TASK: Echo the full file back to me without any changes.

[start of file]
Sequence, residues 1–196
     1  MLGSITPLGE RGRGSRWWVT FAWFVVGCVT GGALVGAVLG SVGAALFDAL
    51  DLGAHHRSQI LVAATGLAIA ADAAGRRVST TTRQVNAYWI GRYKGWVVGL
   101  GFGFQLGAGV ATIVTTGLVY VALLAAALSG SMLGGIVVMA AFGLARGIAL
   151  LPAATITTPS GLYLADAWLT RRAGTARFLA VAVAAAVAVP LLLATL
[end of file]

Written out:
Sequence, residues 1–196
     1  MLGSITPLGE RGRGSRWWVT FAWFVVGCVT GGALVGAVLG SVGAALFDAL
    51  DLGAHHRSQI LVAATGLAIA ADAAGRRVST TTRQVNAYWI GRYKGWVVGL
   101  GFGFQLGAGV ATIVTTGLVY VALLAAALSG SMLGGIVVMA AFGLARGIAL
   151  LPAATITTPS GLYLADAWLT RRAGTARFLA VAVAAAVAVP LLLATL